Was generous, honest, faithful, juft, and valiant,
Noble in mind, and in his perfon lovely,

Dear to my eyes, and tender to my heart:
But thou a wretched, base, falsfe, worthlefs coward,
Poor even in foul, and loathfome in thy afpect:
All eyes muft fhun thee, and all hearts deteft thee.
Prithee avoid, nor longer cling thus round me,
Like fomething baneful, that my nature's chill'd at.


JAFF. I have not wrong'd thee, by these tears I have not, But ftill am honeft, true, and hope too, valiant; My mind fill full of thee, therefore ftill noble. Let not thy eyes then fhun me, nor thy heart Deteft me utterly: Oh! look upon me, Look back and fee my fad, fincere submission! How my heart fwells, as e'en 'twould burft my bofom;

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Fond of its goal, and labouring to be at thee;
What shall I do? what fay to make thee hear me?

PIER. Haft thou not wrong'd me? dar'ft thou call thyself That once lov'd valu'd friend of mine,

And swear thou haft not wrong'd me? Whence these chains? Whence the vile death, which I may meet this moment? Whence this dishonour, but from thee, thou false one? JAFF. All's true; yet grant one thing, and I've done afking.

PIER. What's that?

JAFF. To take thy life on fuch conditions.

The council have propos'd: thou and thy friend

May yet live long, and to be better treated.

PIER. Life! afk my life! confefs! record myfelf

A villain for the privilege to breathe,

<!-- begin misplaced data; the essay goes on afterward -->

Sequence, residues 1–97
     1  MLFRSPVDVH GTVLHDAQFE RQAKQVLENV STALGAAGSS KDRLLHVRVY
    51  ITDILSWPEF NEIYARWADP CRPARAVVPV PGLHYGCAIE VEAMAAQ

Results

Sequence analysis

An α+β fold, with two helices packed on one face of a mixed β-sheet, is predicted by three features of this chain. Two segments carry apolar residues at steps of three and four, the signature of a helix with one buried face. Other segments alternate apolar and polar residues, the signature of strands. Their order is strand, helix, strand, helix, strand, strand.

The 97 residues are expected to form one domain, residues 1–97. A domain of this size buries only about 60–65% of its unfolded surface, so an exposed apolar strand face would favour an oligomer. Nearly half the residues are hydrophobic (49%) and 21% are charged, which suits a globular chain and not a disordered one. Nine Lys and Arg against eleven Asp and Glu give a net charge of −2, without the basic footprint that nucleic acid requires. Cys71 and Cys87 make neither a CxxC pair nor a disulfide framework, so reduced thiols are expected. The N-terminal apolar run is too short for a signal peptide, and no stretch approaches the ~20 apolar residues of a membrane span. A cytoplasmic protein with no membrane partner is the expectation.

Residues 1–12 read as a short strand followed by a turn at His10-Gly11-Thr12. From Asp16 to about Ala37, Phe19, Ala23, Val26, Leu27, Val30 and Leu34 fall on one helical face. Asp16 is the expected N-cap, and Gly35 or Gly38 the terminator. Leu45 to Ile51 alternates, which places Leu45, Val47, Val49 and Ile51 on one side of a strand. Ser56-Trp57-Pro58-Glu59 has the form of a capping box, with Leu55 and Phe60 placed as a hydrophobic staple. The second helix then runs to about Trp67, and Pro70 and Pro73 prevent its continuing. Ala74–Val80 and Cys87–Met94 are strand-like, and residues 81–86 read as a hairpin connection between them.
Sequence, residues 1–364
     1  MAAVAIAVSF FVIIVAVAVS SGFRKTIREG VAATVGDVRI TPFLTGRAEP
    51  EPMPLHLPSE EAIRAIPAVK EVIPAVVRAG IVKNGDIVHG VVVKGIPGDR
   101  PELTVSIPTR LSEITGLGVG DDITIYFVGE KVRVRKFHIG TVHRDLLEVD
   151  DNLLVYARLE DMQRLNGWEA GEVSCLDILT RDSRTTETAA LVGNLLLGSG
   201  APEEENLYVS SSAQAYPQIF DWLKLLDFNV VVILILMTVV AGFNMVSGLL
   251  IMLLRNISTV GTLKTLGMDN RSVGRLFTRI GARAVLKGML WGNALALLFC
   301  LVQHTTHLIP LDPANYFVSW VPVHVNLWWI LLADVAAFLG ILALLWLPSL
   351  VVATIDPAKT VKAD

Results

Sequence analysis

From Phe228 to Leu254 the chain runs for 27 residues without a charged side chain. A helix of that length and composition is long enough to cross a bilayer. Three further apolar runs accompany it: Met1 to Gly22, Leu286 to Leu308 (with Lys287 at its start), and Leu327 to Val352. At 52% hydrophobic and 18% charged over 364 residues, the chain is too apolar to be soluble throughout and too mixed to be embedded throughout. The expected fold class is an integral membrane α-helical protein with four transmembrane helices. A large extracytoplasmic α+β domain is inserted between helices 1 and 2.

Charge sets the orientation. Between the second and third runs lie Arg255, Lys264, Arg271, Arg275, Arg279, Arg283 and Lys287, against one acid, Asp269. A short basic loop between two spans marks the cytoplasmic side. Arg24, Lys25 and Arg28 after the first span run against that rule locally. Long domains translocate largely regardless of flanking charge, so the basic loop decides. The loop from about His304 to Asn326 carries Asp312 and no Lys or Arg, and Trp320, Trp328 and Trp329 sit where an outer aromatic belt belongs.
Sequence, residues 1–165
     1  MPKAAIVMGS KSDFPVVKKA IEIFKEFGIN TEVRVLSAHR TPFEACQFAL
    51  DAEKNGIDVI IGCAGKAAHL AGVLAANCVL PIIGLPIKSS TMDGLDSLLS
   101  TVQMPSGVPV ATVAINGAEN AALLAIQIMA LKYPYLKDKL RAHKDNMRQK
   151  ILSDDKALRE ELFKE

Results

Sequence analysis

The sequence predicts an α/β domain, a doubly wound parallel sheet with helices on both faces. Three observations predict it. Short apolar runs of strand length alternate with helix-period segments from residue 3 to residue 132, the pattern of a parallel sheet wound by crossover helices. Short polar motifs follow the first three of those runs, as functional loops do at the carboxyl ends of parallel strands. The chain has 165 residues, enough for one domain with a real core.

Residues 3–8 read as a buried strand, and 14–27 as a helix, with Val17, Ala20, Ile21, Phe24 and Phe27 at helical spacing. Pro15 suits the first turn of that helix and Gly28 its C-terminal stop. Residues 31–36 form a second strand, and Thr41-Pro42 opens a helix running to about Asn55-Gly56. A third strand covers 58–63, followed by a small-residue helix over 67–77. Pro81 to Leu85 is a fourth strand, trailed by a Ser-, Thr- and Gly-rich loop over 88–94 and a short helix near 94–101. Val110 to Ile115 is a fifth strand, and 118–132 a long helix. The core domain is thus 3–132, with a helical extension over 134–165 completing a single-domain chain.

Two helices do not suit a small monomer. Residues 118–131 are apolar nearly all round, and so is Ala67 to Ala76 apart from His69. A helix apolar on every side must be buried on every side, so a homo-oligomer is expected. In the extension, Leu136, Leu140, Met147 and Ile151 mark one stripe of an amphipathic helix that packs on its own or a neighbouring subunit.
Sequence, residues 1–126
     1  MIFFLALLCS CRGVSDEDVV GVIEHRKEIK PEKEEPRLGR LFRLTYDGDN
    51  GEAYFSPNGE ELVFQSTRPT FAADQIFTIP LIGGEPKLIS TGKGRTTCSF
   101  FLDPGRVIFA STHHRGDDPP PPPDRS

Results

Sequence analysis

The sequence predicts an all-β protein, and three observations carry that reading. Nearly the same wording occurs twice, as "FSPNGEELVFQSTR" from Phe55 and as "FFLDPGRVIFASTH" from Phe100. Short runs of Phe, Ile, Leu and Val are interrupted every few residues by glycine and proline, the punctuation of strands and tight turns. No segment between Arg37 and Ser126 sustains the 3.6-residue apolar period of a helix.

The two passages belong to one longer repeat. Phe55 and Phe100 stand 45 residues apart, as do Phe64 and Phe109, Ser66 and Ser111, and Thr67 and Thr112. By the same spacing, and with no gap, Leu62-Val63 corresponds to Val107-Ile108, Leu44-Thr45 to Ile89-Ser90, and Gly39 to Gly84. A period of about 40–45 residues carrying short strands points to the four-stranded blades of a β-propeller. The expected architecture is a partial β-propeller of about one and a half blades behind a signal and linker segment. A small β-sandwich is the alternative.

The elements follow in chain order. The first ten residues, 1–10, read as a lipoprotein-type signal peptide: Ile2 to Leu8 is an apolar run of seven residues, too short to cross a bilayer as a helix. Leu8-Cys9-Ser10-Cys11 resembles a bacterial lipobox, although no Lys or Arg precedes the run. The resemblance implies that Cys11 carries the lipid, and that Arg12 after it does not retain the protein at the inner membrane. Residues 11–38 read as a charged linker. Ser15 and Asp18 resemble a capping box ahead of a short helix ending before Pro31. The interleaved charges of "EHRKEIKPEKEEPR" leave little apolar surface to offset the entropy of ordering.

And carry up and down this curfed city
A difcontented and repining fpirit,
Burden fome to itfelf, a few years longer,

To lofe it, may be at laft, in a lewd quarrel

For fome new friend, treacherous and faise as thou art! No, this vile world and I have long been jangling,

And cannot part on better terms than now,
When only men like thee are fit to live in't.
JAFF. By all that's juft--

PIER. Swear by fome other powers,

For thou haft broken that facred oath too lately.

JAFF. Then by that hell I merit, I'll not leave thee,

Till to thyfelf at least thou'rt reconcil'd,

However thy refentment deal with me.

PIER. Not leave me !

JAFF. No; thou fhalt not force me from thee; Ufe me reproachfully, and like a slave;


Tread on me,
buffet me, heap wrongs on wrongs
On my poor head; I'll bear it all with patience;
I'll weary out thy moft friendly cruelty:

Lie at thy feet and kifs 'em, tho' they fpurn me,
Till wounded by my fufferings thou relent,
And raise me to thy arms with dear forgiveness.

PIER. Art thou not

JAFF. What?

PIER. A traitor?

-JAFF. Yes.

PIER. A villain?

JAFF. Granted.

PIER. A coward, a moft fcandalous coward, Spiritlefs, void of honour, one who has fold Thy everlafting fame for fhameless life?

JAFF. All, all, and more, much more: my faults are numberless.

PIER. And would't thou have me live on terms like thine; Bafe as thou'rt falfe

JAFF. No; 'tis to me that's granted:
The fafety of thy life was all I aim'd at,
In recompence for faith and truft fo broken.

PIER. I fcorn it more, because preferv'd by thee;
And as when firft my foolish heart took pity
On thy misfortunes, fought thee in thy miferies,
Reliev'd thy wants, and rais'd thee from thy ftate
Of wretchedness, in which thy fate had plung'd thee,
To rank thee in my lift of noble friends;

All I receiv'd, in furety for thy truth,

Were unregarded oaths, and this, this dagger,
Given with a worthless pledge thou fince haft ftol❜n:
So I restore it back to thee again;